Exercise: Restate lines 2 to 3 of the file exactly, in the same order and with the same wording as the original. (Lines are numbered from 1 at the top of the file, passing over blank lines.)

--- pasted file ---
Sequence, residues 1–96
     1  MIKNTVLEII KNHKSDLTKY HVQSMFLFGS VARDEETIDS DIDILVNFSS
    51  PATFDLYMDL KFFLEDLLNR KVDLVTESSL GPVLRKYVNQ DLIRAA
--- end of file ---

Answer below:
     1  MIKNTVLEII KNHKSDLTKY HVQSMFLFGS VARDEETIDS DIDILVNFSS
    51  PATFDLYMDL KFFLEDLLNR KVDLVTESSL GPVLRKYVNQ DLIRAA